Young girls smile, enjoying last year’s successful Reach for dream Slipper Day. (Image: Reach for a Dream)For one day people can swap stilettos, brogues or sneakers for cosy slippers in the name of helping a gravely ill child.Reach for a Dream Foundation’s Slipper Day calls on ordinary citizens to make a difference by just donating R10 for a sticker to allow people to go to work on 5 August 2016 wearing slippers.This nationwide campaign has grown quickly since its inception in 2011. At first it was a provincial campaign when it amassed R175 000 in KwaZulu-Natal. In 2012 it went national and managed to raise R1.3-million. In 2015 it collected a staggering R3.5-million.According to Reach for a Dream’s website Slipper Day is a “fun initiative that creates awareness for the foundation, whilst raising funds to make more dreams a reality for children fighting life-threatening illnesses”.Bronwyn Feldwick-Davis, the foundation’s marketing manager said Slipper Day is successful because it gets all South Africans involved for as little as R10.“The thought of a child battling for their life when they should be enjoying the most magical time of their lives, their childhood, is something that most citizens feel compassion and empathy towards.”Julia Sotirianakos, CEO at the foundation said Slipper Day provides people an easy way to do something good and support children fighting life-threatening illnesses.“Even during tough economic times you can make a difference with just R10 and doing something fun with your feet,” she said.“By wearing your slippers on Slipper Day, you can help to bring dreams to life and if we can make dreams come true, we can instil hope in a child which will help them to continue fighting.”This year the foundation hopes to sell 650 000 stickers, which will almost double its fundraising total from 2015.Stickers can be bought at Reach for a Dream branches, as well as in Wimpy or Pick ‘n Pay stores nationwide.Reach for a Dream has been helping children and teens battling life-threatening illnesses since 1988. Whether it’s a surprise birthday party, a laptop, shopping sprees or meeting their favourite personality, the foundation has been making dreams come true.
All About Water-Resistive BarriersA New Encyclopedia Article on Water-Resistive BarriersWhat’s New with Water-Resistive BarriersWall Sheathing OptionsZip Sheathing TipsReturn to the Backyard Tape TestAir-Sealing Tapes and GasketsLiquid-Applied Flashing Editor’s note: This post is one of a series by Eric Whetzel about the design and construction of his house in Palatine, Illinois, a suburb of Chicago. The first blog in his series was called An Introduction to a New Passive House Project; a list of Eric’s previous posts appears below. For more details, see Eric’s blog, Kimchi & Kraut. Fixing misaligned seamsOnce the Zip sheathing was fully installed, it became readily apparent that some of the seams, especially near the base of the first floor where a horizontal seam ran around the entire structure, were out of alignment and would need some adjustment (see Image #2, below). This seemed to be a problem in areas between studs.Using a 1×4 in each stud bay, I was able to pull the seam together. It wasn’t always perfect, but the improvement was visibly significant and in most areas well worth the effort. After placing a length of 1×4 into position over the seam on the inside (see Image #3 below), I drove a couple of screws from the inside to the exterior to hold the board in place.With the 1×4 securely attached from the interior, I went outside and drove several screws into the sheathing, both above and below the seam, to bring the two sections of sheathing into alignment. At that point, I could go back inside and remove the two screws that had been driven towards the exterior. Keeping track of air barrier penetrationsBefore construction began, I made a mock wall assembly (see Image #5 below). This proved helpful when explaining to the various subs how to help me protect the air barrier — especially when it came time to drill holes through the Zip sheathing. Of particular importance was locating any holes closer to the center of a stud bay, as opposed to hugging a corner or side of one of the 2×6 framing members. A hole cut too close to a stud or a roof truss is much harder to air seal properly.Our original plumber was the only trade contractor that managed to screw this up. (It’s no coincidence that he was also the only sub that we had to fire.)In effect, any time a sub had to make a penetration through the air barrier we discussed the details, and once the cut was made I immediately air sealed the penetration both on the exterior and interior.By sealing each hole in the sheathing on both sides, I hope to ensure the long-term durability of the structure. The main argument for this strategy assumes that the exterior side of the sheathing will face more extreme temperatures and fluctuations in humidity, and presumably even wind-driven rain if and when it gets past the siding and 4 inches of Roxul insulation. By taking the time to seal the interior side, it just gives the overall air barrier, and therefore the structure, a better chance at avoiding air and water intrusion. That’s the goal, anyway.For air sealing I used a mix of tapes, HF sealant (later, even some Prosoco products), EPDM Roflex gaskets, and duct seal.The penetrations for the electric service were my first go at using the Roflex gaskets (see Image #6 below). The smaller diameter Roflex gasket comes with its own Tescon Vana tape, which makes installation straightforward. See Images #7 and #8 below for interior and exterior views of sealed penetrations.It was a big moment when the electric panel went in. The house is ready for power. We used Zip System sheathing as our water-resistive barrier (WRB), sometimes called a weather-resistant barrier, based largely on Hammer & Hand projects we had seen and various jobs featured in Fine Homebuilding magazine.As the 7/16-inch Zip sheathing went up, I taped most of the seams with Pro Clima’s 3-inch Tescon Vana tape (available at 475 High Performance Building Supply) as well as 6-inch Contega tape, which I used mainly for outside corners.My wife and daughter also cut up Tescon Vana into small pieces in order to cover all the nail and screw holes in the sheathing. Initially, the nail holes had been sealed with Contega HF sealant, also available from 475, thus giving these penetrations double coverage. BLOGS BY ERIC WHETZEL Installing a Solar Electric SystemPrepping for a Basement SlabBuilding a Service CoreAir Sealing the Attic FloorVentilation BafflesUp on the RoofA Light Down BelowKneewalls, Subfloor, and Exterior WallsLet the Framing BeginDetails for an Insulated FoundationThe Cedar Siding Is Here — Let’s Burn It An Introduction to a New Passive House Project The green skin of the sheathing held up nicely during construction, even as it sat exposed for nearly 10 months after we fired our GCs and struggled to keep the project moving forward. Nevertheless, it is little more than glorified OSB, which comes with certain inherent weaknesses.Matt Risinger does an excellent job of delineating the costs and benefits of using either OSB or CDX plywood as a sheathing material in this video. And if you’re interested in a video about how WRBs have evolved over time you might enjoy this one, which features Joe Lstiburek of Building Science Corporation. Many WRB options are availableIf I had it to do over, I think I might be tempted to use 1/2-inch exterior grade plywood as my sheathing; there are many WRB options these days. The plywood could be sealed on the exterior side with either a liquid membrane, such as Prosoco’s Cat 5, or a peel-and-stick membrane like Henry’s Blue Skin, or even another 475 product, Solitex Mento 1000. Air-sealing on the insideIn addition to air sealing the exterior side of the Zip sheathing, I also invested some time in air-sealing the interior side of the Zip sheathing as well (see Image #4 below).Sealing on the interior side with HF Sealant, even between vertical framing members, means that even if there are any weaknesses in either the Zip sheathing or the Tescon Vana tape at these points, air won’t find an easy way in, since it will be blocked from the interior side as well. (There won’t be a difference in air pressure to help the outdoor air make its way indoors.)I held off on using the sealant at the connection between the wall sill plate and the subfloor until just prior to installing the Intello membrane on the walls since this area constantly attracts dirt and debris.This kind of redundancy in air sealing should give the house long-term protection against air leaks, thereby aiding the durability of the structure, as well as making it a much more comfortable environment to live in. RELATED ARTICLES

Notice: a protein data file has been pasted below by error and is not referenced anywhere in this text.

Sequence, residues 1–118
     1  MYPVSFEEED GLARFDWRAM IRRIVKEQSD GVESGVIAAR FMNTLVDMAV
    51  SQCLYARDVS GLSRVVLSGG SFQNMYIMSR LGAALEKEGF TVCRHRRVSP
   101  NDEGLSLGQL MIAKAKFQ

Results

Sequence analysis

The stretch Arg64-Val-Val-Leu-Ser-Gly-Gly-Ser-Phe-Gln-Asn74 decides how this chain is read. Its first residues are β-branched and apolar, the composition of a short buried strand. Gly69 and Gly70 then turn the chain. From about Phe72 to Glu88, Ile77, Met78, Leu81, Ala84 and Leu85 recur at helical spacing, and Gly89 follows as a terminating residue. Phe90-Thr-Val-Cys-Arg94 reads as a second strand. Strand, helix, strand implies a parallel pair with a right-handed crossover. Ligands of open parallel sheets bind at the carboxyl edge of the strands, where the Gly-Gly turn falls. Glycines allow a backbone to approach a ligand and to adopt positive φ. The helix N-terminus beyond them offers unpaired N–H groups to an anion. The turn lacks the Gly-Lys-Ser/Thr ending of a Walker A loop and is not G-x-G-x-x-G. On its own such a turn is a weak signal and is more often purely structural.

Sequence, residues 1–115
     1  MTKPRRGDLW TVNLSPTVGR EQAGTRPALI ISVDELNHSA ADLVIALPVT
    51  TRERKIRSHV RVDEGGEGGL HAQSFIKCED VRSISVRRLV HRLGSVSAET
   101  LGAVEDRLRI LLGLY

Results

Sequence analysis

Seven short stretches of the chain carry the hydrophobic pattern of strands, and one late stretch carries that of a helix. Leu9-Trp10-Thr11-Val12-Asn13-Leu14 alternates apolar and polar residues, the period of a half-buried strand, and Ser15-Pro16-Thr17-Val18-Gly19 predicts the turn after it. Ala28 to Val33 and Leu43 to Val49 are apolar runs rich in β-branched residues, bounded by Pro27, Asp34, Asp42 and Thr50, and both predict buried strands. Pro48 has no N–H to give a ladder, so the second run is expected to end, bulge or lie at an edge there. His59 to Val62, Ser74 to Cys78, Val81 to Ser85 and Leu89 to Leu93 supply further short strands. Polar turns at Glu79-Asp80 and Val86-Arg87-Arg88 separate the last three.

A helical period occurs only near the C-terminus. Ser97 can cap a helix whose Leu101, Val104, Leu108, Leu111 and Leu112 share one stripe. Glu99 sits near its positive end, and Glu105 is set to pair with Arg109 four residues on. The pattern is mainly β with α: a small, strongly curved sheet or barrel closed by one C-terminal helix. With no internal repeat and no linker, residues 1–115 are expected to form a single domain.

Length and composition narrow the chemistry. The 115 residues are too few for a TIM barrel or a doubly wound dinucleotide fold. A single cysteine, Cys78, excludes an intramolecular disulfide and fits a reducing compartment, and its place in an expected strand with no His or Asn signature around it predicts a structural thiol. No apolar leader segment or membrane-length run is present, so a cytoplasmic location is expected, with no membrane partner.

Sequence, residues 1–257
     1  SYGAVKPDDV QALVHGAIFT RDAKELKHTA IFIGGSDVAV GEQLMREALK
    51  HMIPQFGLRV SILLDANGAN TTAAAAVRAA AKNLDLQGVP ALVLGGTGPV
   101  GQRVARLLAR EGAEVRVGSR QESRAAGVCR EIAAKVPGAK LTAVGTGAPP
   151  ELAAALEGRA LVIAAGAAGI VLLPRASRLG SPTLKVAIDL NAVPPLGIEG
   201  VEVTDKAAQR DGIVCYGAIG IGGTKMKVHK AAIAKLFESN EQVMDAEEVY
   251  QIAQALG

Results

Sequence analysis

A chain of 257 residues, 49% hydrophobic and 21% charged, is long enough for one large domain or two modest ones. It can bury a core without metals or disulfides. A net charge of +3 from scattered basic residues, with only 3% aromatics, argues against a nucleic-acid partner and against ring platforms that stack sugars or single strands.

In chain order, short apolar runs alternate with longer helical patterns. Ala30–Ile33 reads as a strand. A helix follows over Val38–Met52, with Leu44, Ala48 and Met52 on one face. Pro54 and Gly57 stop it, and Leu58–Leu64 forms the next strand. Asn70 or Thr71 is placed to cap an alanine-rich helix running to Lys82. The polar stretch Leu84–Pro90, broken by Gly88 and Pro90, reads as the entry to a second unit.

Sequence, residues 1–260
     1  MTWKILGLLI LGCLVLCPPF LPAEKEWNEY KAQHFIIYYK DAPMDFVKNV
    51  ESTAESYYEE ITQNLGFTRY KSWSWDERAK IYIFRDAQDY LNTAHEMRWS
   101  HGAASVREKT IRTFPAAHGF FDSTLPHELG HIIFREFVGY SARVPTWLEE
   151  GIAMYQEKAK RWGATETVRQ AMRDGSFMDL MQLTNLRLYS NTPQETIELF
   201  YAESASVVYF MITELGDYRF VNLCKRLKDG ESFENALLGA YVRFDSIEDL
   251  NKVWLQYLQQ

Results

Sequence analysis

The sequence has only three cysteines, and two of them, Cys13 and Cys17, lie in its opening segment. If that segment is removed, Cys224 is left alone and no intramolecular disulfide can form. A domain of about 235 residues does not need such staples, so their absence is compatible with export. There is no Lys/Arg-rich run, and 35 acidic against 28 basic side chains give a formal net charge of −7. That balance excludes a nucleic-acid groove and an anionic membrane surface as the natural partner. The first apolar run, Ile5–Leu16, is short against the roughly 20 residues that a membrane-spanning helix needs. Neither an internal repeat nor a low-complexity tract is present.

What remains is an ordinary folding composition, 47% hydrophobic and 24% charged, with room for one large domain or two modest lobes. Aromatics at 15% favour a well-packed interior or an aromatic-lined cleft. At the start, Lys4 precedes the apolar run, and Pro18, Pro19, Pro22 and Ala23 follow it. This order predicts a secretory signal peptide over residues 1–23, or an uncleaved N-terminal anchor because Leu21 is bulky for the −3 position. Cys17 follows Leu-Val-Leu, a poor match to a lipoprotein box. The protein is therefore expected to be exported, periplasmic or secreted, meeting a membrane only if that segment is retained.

What it Takes to Build a Highly Secure FinTech … readwrite Related Posts Role of Mobile App Analytics In-App Engagement Tags:#GPS#law#Location#now#smartphones#surveillance Why IoT Apps are Eating Device Interfaces The New Jersey Supreme Court ruled Thursday that police must obtain a warrant prior to pulling cellphone location data. The ruling makes New Jersey only the second state (after Montana) to require police to show probable cause to a judge before they can request location data from cellphone carriers. While the ruling won’t have any immediate impact outside of New Jersey, it could indirectly influence other courts wrestling with the balance between effective law enforcement and personal privacy. Lower courts remain divided on the subject, suggesting that the issue may eventually be resolved by the Supreme Court.Image via Shutterstock The Rise and Rise of Mobile Payment Technology
Polariod ND fader FilterGenus ND fader FilterLightcraft Fader ND Mark IITiffen Variable NDSingh-Ray Vari-ND FilterHeliopan 77mm Variable ND FilterWhat is a neutral density filter?For those unfamiliar, a neutral density filter is a glass filter that you affix to the end of a camera lens. The filter modifies light intensity, which gives a photographer or DSLR video shooter more flexibility in their shot, with the ability to use a larger aperture. Neutral density (or ND) filters range in price and quality/effectiveness. Dave tested the ND filters for the following factors:SharpnessBokehColor CastSee which ND filter Dave named a best bet based on quality and cost. For anyone looking to purchase or learn more about professional grade ND filters, this video is a must watch: Looking to buy an ND filter? Be sure to check out this video review. 6 popular ND filters go head-to-head and one is chosen as a best buy for pro photographers and DSLR shooters.LearningDSLRVideo.com’s Dave Dugdale recently completed a thororgh test on 6 commercial neutral dentisty filters for photographers and DSLR shooters. The real world test of these filters included the following brands and models: